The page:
Cy Twombly (1928-2011)
Property from an American Collection
Cy Twombly (1928-2011)


Cy Twombly (1928-2011)
signed and dated 'Cy Twombly 1971' (on the reverse)
oil-based house paint and wax crayon on paper
27 1/2 x 39 1/8 in. (69.9 x 99.4 cm.)
Executed in 1971.
Galleria Lorenzelli, Milan
Anon. sale; Sotheby's, New York, 2 May 1995, lot 28
Acquired at the above sale by the present owner
F. Gualdoni, Arte a Roma 1945-1980, Milan, 1988, p. 97 (illustrated).
N. Del Roscio, Cy Twombly Drawings, Catalogue Raisonné Volume 5, 1970-1971, New York, 2015, p. 182, no. 204 (illustrated in color).
Milan, Galleria dell'Ariete, Cy Twombly, October-November 1971.

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Sara Friedlander
Sara Friedlander

Lot Essay

The delicate marks that Cy Twombly choreographs across the surface of Untitled distill a performance so subtle and so personal that looking deeply into this work seems almost like an invasion of a private, nearly hermetic world. Yet the sensuousness nature of his mark-making, of the whitened wax crayon coursing across the surface, the almost chiaroscuro effect of light against dark draws one in. Crisscrossing diagonal striations create a dense network of infinite iterations forming X’s and V’s, a hint of the visual language that comes of scriptural markings. Nearly cancelled by the sweeping curve of repeated horizontal gestures the effect is that of an ominous rain clouds releasing torrents of rain. Drawings are generally prized for their proximity to the authorial hand, to the first moments of conception and its realization. Yet, here we feel the artist has never quite left the scene, never really relinquished the paper on which a layer of oil-based house paint has received its incisions. More startling is the sense of ongoing gesture, as if these marks extend infinitely into the surrounding space. Notice the atmospheric mist that settles in the interstices, made of course by a finger or rag, for what purpose, but to further entice even as the surface resists understanding. Whether a landscape, sky-scape, or merely what it is, wax marks on gray painted ground, what is clear is that Untitled is an impression—of the wax crayon, of the specific artist sensibility at play, of the viewer’s own projection of experience.

No artist of the twentieth and twenty-first centuries has given such dynamic meaning to the nature of the line. Its expressive force comes in part from the affect of flattened line that is given mass and volume by means of perceptual spatial ambiguity. White against black suggests image and ground, projection and recession, such that it seems shadows enclose each line, lending brightness, and now shading to create a sense of perspectival recession. Twombly adds to this sense of an undulating surface by the billowing form these lines assume. From upper left to lower right, lines expand and contract in sympathy with the implied diagonal of the lateral expanse. A classic demonstration of elemental relationships, Twombly’s schematic form conveys a poetic sense of motion within a world of stillness and calm.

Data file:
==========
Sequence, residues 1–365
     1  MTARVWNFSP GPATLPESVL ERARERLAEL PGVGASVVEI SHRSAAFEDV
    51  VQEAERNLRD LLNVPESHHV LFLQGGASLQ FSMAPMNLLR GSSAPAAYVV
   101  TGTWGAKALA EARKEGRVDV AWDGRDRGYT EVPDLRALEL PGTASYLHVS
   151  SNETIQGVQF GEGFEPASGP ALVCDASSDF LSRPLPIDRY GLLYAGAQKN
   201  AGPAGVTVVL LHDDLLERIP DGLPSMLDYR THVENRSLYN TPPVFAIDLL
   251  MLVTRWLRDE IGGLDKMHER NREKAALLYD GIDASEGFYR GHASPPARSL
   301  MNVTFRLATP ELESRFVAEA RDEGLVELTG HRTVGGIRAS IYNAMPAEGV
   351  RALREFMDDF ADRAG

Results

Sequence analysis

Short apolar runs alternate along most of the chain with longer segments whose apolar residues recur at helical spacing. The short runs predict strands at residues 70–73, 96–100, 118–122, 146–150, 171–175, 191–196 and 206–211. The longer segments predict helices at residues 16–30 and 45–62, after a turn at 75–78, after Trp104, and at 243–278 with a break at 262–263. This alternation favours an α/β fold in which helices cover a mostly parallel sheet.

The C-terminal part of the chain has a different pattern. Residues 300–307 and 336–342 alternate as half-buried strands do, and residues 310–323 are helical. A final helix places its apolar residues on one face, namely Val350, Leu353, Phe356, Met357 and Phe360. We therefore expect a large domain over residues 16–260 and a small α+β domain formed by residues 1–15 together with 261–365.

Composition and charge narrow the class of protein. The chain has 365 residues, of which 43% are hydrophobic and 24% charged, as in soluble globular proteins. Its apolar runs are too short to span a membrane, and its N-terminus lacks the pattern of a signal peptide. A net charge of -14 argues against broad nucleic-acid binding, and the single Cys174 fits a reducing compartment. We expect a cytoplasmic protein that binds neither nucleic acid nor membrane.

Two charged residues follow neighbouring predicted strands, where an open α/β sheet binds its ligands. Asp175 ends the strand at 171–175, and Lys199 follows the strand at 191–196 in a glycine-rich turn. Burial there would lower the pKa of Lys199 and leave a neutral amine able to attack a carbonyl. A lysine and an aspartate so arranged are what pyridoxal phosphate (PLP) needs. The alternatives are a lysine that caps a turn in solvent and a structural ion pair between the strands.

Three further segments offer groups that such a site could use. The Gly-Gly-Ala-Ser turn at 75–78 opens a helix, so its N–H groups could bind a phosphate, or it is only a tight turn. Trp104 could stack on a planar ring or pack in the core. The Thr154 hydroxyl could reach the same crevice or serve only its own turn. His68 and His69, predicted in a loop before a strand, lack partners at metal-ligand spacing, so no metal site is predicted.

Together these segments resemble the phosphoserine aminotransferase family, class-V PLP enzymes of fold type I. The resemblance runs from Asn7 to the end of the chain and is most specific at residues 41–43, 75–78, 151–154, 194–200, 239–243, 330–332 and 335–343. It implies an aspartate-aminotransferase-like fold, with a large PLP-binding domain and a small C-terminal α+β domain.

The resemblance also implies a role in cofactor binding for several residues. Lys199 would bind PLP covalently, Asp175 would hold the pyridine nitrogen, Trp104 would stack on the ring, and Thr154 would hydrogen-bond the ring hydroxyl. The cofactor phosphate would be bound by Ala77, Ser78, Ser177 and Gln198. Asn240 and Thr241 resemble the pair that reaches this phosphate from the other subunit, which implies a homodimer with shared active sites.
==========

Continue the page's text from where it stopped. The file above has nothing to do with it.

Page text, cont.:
The point of departure for Twombly’s painting is the allover painting and gestural physicality of Abstract Expressionists painters, in particular Jackson Pollock, who freed line from contour and contour from shape. Lines came to be merely that—lines that control the entire surface from edge to edge. Twombly, too, is engaged in a strategy common to other painters of his generation and that is the notion of “deskilling,” of unlearning traditional drawing techniques in order that a certain kinetic immediacy can be effected. From the year 1957, in which he settled more or less permanently in Rome, Twombly absorbed the Continental version of Abstract Expressionism—in Italy called Informale—from artists such as Roberto Crippa, who explored the implication of graffiti-like actions that emphasized the processes of deskilled drawing and the materiality of their surfaces. The present work—as much a study in light-dark contrast as in the propulsive force of fierce repetition—could have used Joseph Mallord William Turner’s Rain, Steam, and Speed—The Great Western Railway created in 1844 as its template. In the same way that diagonal striations descend from whirling cloud formations, so too, Twombly’s visual imagery mimes this natural force made luminous in by alternations of thick and thin lines or scumbled swirls in the high horizon of the rectangle in which Twombly sets his scene. Nicola del Roscio, in his introductory memoire to the catalogue raisonné of Twombly’s work, describes the experience of observing Twombly work on these pictures in Rome in his apartment in Via Monserrato. “I still have a vision of Cy’s hands holding the white wax sticks like a conductor’s wand, moving as if by magic…Now and then the white wax crayon would break under the pressure of his fingers on the paper… I can still hear the noise of the wax sticks breaking under the pressure and the noise of restarting while Cy’s heavy breathing made one notice even more the silence of the room” (N. del Roscio, “The Atmosphere and the People Around Cy, 1970-1971,” in Cy Twombly—Drawings / Vol. 5, 1970 – 1971, Munich, 2015, p. 6). Del Roscio paints his own picture of an artist deep in concentration, bearing down on mark and physically engaged with support. Art historian Jeffrey Weiss makes the point that Twombly’s directional pull of right to left mimes his own cursive handwriting. “The property of drift, uncommon to most forms of picture making, is fundamental evidence demonstrating that individual paintings and drawings first cohere, pictorially through a bodily engagement with process” (J. Weiss, Reviews: “Cy Twombly,” Artforum, October 2008). In Untitled, we recognize our own physicality, our own script. In this way, Twombly’s art of overflowing, his bursts of linearity approximate what curator and art historian Kurt Varnedo called, “[a] personal art… out of means which appear so studiously, so implacably artless” (K. Varnedoe, op. cit., p. 74).